And Go Wood readers had a part in the creation. Ms. Paterson spoke to the attendees of our World of Wood 2015 conference last summer, and several responded with donations to the project. Two are mentioned in the following BBC video - Gary Green and Robert Ritchie, both long-time members of the International Wood Collectors Society and participants in our conference last year.



It's nice to see the wood specimens displayed in such a way that may speak to so many people who might be bored to death if they walked into the typical wood collection room. I especially appreciate the point in the show when Ms. Paterson says, "I think I've never actually seen a piece of tree become a piece of wood...it's really nice, you know." And she says this while holding a piece of wood from a grand champion tree she obviously treasures.

That's an appreciation of wood that the whole world ought to have the opportunity to experience.

Tuesday, September 6, 2016

Woody Events in the Northeast

Just a quick post to bring a couple of opportunities to your attention, especially if you happen to reside in the Northeast.

Click here to see class videos...
Fallon & Wilkinson Wood ID in Furniture Workshop - October 15 and 16, 2016.

I've written before about this great class, and wanted to remind all that there are still a few seats left in this hands-on, personal experience for those who want to deepen their knowledge of wood, and how it was used by the furniture masters of the past.

And besides the opportunity to sharpen your wood identification skills, you'll get an exclusive, hard-to-get tour of the Furniture Study at Yale University, where the curators will keep you spell-bound with stories of some of the greatest furniture ever made. This has got to be one of the most unique opportunities in the world of wood appreciation, so if you've ever considered it the past, now is the time to go. It is so good, I hope to be able to make it again, myself.

They don't make them like this anymore. Recognize the wood?
Hearne Hardwoods Two-Day Open House: September 30 - October 1, 2016

Ever spend the day touring a lumber company's facility? How about doing that and meeting dozens of great woodworking organizations, including the International Wood Collectors Society? If this sounds like a good way to spend a day, come to Oxford, Pennsylvania at the end of this month. Oxford is just a stone's throw from Pennsylvania's border with New Jersey, Delaware, and Maryland, and its a great drive from almost anywhere in the Northeast.  The main attraction of the open house is the "discounted slab sale" that Hearne will be offering the attendees. So if you're looking for that special piece of wood, and want to enjoy the day looking for it, then we'll see you at Hearne Hardwoods.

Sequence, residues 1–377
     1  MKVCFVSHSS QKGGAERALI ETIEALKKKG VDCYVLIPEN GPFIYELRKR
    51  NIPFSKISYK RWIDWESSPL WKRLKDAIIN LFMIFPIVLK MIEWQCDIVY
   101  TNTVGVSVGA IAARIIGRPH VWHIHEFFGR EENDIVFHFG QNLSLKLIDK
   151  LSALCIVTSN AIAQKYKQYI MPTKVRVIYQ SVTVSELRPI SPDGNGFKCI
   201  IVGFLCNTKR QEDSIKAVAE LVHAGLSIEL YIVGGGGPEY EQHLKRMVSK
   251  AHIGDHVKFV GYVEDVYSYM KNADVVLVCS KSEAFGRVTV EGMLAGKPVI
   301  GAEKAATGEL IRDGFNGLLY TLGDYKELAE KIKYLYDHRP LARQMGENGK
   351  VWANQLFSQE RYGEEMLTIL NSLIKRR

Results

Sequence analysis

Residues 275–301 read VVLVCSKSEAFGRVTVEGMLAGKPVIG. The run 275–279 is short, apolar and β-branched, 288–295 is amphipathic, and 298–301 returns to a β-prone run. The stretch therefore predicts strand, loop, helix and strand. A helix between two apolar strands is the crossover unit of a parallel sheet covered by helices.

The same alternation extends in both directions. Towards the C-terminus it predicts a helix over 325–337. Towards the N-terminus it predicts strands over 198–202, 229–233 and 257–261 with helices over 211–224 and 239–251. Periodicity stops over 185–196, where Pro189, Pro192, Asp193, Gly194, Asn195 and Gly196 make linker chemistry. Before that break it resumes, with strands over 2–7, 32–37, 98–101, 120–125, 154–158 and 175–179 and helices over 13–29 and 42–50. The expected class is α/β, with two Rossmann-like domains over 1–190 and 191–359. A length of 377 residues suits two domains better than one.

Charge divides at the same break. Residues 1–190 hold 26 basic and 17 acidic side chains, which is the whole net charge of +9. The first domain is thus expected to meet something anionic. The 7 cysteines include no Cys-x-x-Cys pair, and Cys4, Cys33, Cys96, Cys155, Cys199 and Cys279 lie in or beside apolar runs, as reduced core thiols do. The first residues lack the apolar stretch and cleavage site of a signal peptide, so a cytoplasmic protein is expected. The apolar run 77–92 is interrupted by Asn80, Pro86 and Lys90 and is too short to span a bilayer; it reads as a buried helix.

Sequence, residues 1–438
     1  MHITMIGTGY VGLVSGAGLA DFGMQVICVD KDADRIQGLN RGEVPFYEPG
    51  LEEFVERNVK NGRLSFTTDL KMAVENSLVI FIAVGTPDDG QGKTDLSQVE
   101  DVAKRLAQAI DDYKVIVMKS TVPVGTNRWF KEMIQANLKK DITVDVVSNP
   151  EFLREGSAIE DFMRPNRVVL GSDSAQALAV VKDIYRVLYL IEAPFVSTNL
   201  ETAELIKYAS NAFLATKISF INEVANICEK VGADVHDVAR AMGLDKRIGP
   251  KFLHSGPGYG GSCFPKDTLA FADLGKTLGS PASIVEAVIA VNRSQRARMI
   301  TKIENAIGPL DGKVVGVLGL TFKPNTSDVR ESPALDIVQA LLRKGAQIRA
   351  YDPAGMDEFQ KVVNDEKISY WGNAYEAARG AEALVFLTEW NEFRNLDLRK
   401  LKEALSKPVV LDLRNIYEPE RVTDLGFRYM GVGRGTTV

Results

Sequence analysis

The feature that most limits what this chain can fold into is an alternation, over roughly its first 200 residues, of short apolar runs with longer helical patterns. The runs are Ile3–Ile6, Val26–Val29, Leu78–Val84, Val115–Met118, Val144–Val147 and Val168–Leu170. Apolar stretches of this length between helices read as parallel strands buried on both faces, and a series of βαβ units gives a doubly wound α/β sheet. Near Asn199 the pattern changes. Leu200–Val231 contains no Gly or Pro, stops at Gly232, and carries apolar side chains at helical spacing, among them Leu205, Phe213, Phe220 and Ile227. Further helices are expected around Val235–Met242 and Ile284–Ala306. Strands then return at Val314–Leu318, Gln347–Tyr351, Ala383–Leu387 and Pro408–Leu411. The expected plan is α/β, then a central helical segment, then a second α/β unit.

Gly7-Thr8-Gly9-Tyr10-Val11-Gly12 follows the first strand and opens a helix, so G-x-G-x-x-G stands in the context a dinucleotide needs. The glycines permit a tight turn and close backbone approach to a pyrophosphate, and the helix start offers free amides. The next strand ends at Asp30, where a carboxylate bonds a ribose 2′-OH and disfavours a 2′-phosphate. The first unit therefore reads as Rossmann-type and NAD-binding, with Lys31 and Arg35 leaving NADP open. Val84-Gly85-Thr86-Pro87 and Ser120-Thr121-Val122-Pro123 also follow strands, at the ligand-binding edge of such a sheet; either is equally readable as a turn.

Here's a link to your invitation to the Hearne Hardwoods Open House.

Mike Korsak Woodworking: A Furniture Maker's Open Studio

And if you're in the Pittsburgh area, and want to attend a fine furniture makers open studio, then you can stop by and visit Mike Korsak this Sunday, September 11, between 11 am and 4 pm. Mike is opening his studio (which we've toured together on Go Wood) to visitors who want to see furniture making in its highest form.

Here's your invitation to visit the Korsak studio.

So get out there and Go Wood...

Tuesday, August 30, 2016

Great Designs in Wood (72) - The (New) Tallest Wooden Building in the World

Based on the architectural trends, this is a post that will be updated frequently, as we'll probably have a new leader in the wooden skyscraper race every year or so from now on. This year the focus is on the new Brock Commons building at the University of British Columbia, which you may recall we visited last year. It was just topped off this past week, with full construction of the eighteen floors completed in just sixty-six days after the completion of the structure's concrete central cores.

The building is a showcase of a bunch of leading edge technology: